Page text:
New legislation could also offer employment safeguards for an army of three million volunteers so they can leave their main jobs and temporarily help out in a health, community health and social care setting in the event of a widespread pandemic. Law courts could also keep running via video links. The latest moves come as the family of the second person to die with the virus in the UK praised the “truly loving and wonderful” 83-year-old man and revealed that they are living a “nightmare” in enforced self-isolation.
Yesterday the number of new cases in the UK increased by 42 overnight to reach 206, with more than 23,000 people tested.
As ministers urge the public to remain calm, Prime Minister Boris Johnson and his pregnant fiancee Carrie Symonds attended the England v Wales Six Nations rugby clash at Twickenham, to underline that “he doesn’t want to be draconian about mass gatherings or events”.
Other football fans around the country were seen wearing face masks in a bid to stave off infection.
Mr Johnson is set to chair an emergency meeting of the government’s Cobra committee, where he could step up the measures still further.
Last night, Health Secretary Matt Hancock said: “I want to assure that the Government is doing everything in its power to be ready to delay and mitigate this threat. Public safety is my top priority.
“I’m working with colleagues across government to ensure we have a proportionate emergency bill, with the right measures to deal with the impacts of a widespread Covid-19 outbreak.
“We plan for the worst and work for the best, and the NHS is working 24/7 to fight this virus. Calls to NHS 111 have increased by more than a third and we have already put in place 500 extra staff to help with this increase.
“Every person has a role to play in managing the spread – whether that’s washing your hands more often for 20 seconds or catching your sneezes.”
Environment Secretary George Eustice met supermarket chiefs on Friday to ensure food supplies are secure. He was reportedly assured they have contingency plans and are taking all the necessary steps to ensure people have the supplies they need, despite many images on social media showing shelves stripped of essentials such as toilet paper and hand sanitiser.
In response to supermarket concerns, the Government will look at removing curfews for delivery vehicles, and establish where there are “hotspots” of Covid-19 so food stocks are targeted there.
A meeting tomorrow will discuss support for vulnerable groups who may be in isolation and any other areas where the government can offer help. Officials will also meet sports chiefs and broadcasters to discuss how to handle the outbreak’s possible impact on the sporting calendar, including this week’s Cheltenham Festival.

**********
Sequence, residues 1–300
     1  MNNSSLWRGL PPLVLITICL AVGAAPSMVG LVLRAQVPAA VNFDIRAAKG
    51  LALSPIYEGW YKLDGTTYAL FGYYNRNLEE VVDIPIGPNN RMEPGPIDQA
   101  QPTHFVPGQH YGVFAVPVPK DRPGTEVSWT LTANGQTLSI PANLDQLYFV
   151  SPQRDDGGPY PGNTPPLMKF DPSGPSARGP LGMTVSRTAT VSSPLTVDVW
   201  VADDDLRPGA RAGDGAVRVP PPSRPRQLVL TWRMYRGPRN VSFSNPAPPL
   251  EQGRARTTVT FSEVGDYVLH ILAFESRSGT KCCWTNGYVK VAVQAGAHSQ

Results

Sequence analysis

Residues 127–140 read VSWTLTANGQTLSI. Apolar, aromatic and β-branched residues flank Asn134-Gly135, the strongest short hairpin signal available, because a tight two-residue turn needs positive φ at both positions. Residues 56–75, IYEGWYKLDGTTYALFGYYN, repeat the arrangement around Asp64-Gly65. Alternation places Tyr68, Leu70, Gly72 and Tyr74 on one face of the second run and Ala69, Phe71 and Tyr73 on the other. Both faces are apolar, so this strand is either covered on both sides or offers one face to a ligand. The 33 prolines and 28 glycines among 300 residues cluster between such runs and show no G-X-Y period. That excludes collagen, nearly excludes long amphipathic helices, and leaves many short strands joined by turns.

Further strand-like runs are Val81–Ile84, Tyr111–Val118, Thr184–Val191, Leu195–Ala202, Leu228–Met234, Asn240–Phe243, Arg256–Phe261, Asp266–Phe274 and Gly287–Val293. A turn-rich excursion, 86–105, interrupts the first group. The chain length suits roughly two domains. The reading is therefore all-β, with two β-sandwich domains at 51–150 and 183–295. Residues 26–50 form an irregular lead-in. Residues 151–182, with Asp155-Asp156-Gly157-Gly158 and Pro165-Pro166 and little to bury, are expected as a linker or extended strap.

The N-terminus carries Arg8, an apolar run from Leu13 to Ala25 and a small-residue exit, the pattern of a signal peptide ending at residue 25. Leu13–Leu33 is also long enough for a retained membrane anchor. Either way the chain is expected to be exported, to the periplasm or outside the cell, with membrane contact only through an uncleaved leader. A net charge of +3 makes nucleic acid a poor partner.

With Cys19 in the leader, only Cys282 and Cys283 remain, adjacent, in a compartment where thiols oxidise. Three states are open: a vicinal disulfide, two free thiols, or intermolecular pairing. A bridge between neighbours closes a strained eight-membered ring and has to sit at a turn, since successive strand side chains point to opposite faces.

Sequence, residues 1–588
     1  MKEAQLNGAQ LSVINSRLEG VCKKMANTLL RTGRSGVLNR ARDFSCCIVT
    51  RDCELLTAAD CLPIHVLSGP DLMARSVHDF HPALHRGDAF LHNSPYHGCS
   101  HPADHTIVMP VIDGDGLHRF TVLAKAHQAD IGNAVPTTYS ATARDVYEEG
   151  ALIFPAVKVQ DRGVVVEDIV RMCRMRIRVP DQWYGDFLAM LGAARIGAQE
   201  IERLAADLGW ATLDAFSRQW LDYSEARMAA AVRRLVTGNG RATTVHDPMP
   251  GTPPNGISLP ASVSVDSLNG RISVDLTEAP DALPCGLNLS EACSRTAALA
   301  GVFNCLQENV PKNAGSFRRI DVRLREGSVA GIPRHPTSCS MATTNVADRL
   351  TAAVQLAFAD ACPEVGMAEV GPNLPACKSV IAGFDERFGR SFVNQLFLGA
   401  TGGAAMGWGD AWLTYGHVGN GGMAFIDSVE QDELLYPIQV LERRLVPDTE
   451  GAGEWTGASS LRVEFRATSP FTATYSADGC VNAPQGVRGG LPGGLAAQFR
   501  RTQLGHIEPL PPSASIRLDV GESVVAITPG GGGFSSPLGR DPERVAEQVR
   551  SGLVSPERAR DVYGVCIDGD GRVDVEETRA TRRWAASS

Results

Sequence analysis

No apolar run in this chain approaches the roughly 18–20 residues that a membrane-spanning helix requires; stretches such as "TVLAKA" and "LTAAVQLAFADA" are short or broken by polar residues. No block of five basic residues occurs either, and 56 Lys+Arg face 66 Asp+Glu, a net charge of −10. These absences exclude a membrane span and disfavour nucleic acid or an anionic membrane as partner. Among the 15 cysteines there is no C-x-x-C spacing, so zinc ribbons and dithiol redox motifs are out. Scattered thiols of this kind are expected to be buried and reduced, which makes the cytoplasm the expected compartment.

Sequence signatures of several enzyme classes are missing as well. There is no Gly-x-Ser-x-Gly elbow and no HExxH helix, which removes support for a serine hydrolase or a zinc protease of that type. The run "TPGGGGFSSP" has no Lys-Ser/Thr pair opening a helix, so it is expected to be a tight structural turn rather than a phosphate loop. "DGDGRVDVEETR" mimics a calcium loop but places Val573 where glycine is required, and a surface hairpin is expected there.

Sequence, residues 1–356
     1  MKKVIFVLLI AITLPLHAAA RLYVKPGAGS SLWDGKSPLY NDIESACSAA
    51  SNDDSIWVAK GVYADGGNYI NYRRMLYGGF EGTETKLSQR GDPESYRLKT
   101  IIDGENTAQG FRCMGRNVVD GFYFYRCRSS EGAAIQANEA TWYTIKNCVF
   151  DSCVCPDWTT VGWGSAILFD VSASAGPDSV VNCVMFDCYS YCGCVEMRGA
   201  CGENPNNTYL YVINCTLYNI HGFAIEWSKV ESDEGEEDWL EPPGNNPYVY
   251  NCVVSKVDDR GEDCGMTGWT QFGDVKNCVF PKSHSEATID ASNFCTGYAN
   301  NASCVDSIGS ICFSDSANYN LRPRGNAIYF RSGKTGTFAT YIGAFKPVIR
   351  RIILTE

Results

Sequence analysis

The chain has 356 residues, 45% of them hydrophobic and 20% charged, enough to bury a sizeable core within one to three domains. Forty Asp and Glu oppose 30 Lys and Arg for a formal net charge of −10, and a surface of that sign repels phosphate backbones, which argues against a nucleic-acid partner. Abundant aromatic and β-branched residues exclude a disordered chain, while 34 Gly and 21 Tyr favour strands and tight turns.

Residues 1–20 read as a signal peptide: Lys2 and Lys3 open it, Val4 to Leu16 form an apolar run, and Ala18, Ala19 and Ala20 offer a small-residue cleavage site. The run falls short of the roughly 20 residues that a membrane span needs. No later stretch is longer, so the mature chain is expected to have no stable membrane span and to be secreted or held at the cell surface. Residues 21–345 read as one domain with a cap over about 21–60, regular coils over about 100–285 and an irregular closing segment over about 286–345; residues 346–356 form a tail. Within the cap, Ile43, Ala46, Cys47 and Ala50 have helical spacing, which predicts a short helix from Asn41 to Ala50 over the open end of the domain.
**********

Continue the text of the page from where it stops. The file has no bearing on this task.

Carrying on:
Meanwhile, the family of the 83-year-old said they were unable to begin making funeral arrangements because they are being kept in isolation themselves.
They said: “He was a wonderful husband, dad, grandad and great-grandad who would go to any lengths to support and protect his family.
“On Thursday evening it was confirmed that our loved one tested positive for coronavirus. He passed away shortly after, with us all present at the hospital with him.
“This whole nightmare is not something that we or our loved ones asked for. As we are in isolation currently, we cannot arrange for him to be put to rest and cannot grieve him as we would wish to.”
Passengers aboard the Grand Princess cruise ship, stuck off the coast of California, are also facing a nightmare. They are to be tested by US authorities after two passengers and 19 crew tested positive. The ship, which has more than 3,500 people on board – including 140 Brits – was being taken to a non-commercial port where it could be quarantined. One passenger, Kari Kolstoe, revealed that she is suffering with stage four cancer and has been confined to her cabin.
Actress Dame Joan Collins was earlier seen preparing to fly back to Britain and passing through the airport in a face mask.
It comes as one of the world’s leading disease experts put the virus on a par with the 1918 Spanish flu, which killed up to 100 million people.
Professor John McCauley, at the Francis Crick Institute in London, said: “Looking at the estimates of death rates and the spread, it’s on a similar scale as the Spanish flu pandemic. That came in three waves within a year and this could happen with this.”
Last night it also emerged that crews aboard Britain’s nuclear deterrent submarines were allowed to sail for a six-month deployment after simply having their temperatures taken.
However Admiral Roger Lane-Nott said “it would take more than a dozen of its 135-complement to become ill before a captain would even consider turning back”.